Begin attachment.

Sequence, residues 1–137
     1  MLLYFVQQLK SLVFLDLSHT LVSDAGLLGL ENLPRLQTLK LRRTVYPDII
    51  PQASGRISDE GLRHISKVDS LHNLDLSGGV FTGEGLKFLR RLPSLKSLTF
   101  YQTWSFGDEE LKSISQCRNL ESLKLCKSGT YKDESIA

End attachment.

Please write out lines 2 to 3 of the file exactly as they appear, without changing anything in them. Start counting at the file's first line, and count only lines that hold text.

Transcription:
     1  MLLYFVQQLK SLVFLDLSHT LVSDAGLLGL ENLPRLQTLK LRRTVYPDII
    51  PQASGRISDE GLRHISKVDS LHNLDLSGGV FTGEGLKFLR RLPSLKSLTF